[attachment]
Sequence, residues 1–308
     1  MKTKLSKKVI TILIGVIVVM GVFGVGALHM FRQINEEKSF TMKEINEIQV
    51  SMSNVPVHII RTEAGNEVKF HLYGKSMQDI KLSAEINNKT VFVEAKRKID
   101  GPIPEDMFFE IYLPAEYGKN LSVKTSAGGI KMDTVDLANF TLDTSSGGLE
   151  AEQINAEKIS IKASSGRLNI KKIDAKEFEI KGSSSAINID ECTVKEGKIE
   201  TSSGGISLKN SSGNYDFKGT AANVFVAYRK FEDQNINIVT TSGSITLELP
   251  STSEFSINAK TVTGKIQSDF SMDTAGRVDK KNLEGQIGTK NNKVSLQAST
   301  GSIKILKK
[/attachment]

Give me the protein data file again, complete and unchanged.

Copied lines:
Sequence, residues 1–308
     1  MKTKLSKKVI TILIGVIVVM GVFGVGALHM FRQINEEKSF TMKEINEIQV
    51  SMSNVPVHII RTEAGNEVKF HLYGKSMQDI KLSAEINNKT VFVEAKRKID
   101  GPIPEDMFFE IYLPAEYGKN LSVKTSAGGI KMDTVDLANF TLDTSSGGLE
   151  AEQINAEKIS IKASSGRLNI KKIDAKEFEI KGSSSAINID ECTVKEGKIE
   201  TSSGGISLKN SSGNYDFKGT AANVFVAYRK FEDQNINIVT TSGSITLELP
   251  STSEFSINAK TVTGKIQSDF SMDTAGRVDK KNLEGQIGTK NNKVSLQAST
   301  GSIKILKK